The name “cocker” comes from the fact that these dogs are used in hunting bulky, wading birds ‘woodcocks’ that reside in dense woodlands. English cockers are divided into two different breed types: working and showing.
The conformation of these types can appear quite different in terms of size and build. The difference between English Cocker spaniels and their American counterparts is the size as English spaniels are larger and taller while American Cockers have a longer and more voluminous coat.
5. English Springer Spaniel
Highlights: Friendly, obedient, loyal, alert, active, energetic, trainable and used in police departments
Bred in the 19th Century, this slightly larger breed descends from the original Shropshire and Norfolk Spaniels.
The English Springer Spaniels is one of the two Springer variants ( the other one is the Welsh Springer Spaniel) and is considered to be closely related to the Cocker Spaniel.
The working Springer spaniels are with coarser and shorter coats while those meant for shows, with big ears and soft coats. Originally bred as a gun dog, they are now used as police dogs, sniffers, rescue dogs and in dog sports.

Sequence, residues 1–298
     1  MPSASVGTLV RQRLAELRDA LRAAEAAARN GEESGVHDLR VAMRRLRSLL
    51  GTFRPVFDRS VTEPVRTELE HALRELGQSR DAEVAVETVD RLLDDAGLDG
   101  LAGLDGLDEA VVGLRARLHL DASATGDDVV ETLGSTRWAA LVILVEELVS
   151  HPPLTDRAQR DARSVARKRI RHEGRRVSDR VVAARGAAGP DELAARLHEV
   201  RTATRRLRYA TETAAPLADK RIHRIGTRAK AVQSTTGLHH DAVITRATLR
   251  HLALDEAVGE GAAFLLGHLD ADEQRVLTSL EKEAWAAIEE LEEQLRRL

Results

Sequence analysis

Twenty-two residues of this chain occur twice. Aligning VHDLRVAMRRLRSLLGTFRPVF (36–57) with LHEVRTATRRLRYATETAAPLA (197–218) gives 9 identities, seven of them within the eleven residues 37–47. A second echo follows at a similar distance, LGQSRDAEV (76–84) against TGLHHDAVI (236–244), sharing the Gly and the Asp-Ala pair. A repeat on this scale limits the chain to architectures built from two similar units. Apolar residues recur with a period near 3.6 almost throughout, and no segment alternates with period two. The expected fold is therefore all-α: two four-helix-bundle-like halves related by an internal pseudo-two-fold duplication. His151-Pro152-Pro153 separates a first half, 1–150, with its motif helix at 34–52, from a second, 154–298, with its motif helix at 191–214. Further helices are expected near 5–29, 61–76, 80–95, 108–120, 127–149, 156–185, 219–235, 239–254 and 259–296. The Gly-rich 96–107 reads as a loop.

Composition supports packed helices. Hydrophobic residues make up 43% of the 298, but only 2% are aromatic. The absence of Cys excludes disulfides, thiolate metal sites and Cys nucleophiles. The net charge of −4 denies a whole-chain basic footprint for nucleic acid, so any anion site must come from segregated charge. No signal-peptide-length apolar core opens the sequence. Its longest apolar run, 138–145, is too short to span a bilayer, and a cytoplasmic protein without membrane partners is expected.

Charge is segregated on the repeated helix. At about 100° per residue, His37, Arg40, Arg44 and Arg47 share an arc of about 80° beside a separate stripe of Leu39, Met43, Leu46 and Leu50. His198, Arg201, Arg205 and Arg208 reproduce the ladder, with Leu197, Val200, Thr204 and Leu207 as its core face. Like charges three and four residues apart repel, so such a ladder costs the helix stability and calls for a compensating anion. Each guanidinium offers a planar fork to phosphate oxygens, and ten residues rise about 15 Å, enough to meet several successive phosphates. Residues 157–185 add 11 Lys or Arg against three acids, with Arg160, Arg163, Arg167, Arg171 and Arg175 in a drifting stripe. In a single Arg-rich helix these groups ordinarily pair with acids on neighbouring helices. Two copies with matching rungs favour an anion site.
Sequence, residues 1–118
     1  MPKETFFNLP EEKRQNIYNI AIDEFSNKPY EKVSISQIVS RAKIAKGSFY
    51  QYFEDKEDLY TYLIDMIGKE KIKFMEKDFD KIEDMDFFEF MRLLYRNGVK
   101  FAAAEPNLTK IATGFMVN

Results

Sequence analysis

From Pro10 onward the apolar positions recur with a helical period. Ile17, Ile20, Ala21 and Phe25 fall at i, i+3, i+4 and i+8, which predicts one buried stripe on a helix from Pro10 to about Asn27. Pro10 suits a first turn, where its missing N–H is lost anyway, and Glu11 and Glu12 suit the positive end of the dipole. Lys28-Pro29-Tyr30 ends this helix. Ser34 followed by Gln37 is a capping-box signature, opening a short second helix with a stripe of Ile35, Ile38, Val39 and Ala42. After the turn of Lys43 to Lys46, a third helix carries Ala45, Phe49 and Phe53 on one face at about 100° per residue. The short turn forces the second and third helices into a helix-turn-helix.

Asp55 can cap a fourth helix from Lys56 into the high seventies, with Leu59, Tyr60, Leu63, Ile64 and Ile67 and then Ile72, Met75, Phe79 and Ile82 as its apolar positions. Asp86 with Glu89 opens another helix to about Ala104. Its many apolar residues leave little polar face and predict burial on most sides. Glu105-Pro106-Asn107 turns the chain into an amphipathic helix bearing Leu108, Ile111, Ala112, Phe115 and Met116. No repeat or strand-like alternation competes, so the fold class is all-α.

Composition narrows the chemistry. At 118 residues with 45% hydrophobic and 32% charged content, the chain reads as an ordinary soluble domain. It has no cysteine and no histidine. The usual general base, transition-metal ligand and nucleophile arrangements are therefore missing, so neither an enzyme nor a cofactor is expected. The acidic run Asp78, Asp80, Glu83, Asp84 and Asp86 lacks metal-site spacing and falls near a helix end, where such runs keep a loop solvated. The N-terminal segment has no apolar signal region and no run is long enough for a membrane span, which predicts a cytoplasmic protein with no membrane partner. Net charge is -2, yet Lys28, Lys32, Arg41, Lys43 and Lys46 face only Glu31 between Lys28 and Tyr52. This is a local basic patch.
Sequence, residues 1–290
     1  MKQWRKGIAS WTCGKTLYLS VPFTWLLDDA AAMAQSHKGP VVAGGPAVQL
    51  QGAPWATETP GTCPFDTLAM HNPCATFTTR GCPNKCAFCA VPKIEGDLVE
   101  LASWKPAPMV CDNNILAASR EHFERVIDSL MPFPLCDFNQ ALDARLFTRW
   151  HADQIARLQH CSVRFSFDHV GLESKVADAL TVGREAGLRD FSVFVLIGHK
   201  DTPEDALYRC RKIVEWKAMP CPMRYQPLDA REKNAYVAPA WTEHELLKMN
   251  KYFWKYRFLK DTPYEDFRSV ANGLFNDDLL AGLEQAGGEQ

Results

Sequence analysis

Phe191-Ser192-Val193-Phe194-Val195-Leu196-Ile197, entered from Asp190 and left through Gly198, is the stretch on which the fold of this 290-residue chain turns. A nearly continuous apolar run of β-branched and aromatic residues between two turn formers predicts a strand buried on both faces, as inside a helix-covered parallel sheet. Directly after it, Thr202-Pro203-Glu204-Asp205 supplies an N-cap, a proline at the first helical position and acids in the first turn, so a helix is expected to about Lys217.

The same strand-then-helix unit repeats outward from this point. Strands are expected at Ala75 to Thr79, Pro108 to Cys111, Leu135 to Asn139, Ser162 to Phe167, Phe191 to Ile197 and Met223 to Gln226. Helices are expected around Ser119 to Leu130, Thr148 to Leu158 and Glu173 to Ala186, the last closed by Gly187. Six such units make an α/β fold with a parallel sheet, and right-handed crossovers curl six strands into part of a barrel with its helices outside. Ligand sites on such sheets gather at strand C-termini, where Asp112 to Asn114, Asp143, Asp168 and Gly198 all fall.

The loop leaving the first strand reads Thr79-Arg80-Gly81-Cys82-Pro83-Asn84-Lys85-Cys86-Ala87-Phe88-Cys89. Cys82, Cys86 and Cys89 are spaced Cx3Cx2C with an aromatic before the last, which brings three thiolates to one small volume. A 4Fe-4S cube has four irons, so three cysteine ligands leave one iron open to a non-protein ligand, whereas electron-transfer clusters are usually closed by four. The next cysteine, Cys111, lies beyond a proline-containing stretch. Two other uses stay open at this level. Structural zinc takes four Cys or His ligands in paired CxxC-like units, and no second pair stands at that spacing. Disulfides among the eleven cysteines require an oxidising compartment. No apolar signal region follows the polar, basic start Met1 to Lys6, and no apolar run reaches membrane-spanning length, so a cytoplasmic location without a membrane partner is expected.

6. Welsh Springer Spaniel
Highlights: Alert, active, energetic, friendly, obedient, loyal, trainable
Also known as the Welsh Cocker Spaniel, this breed was almost extinct and came back to existence due to the work of some breed enthusiasts who re-bred them in the middle of 20th Century.
As already mentioned, the Welsh springer spaniel is one of the Springer variant and only dog experts or true Springer enthusiasts can tell the difference between the variants at a glance!
They are not as common as the English Springer and are generally slightly less stocky and shorter than the English Springer. Another difference is its coloration – brown on white coat typically having a predominant red hue to the brown patches.
7. Field Spaniel
Highlights: Active, energetic, intelligent, independent, patient, trainable, Friendly
Unlike most UK spaniel breeds, Field Spaniels are particularly used as ‘show dogs’, however, they were popularly used as a retrieving dog in earlier times.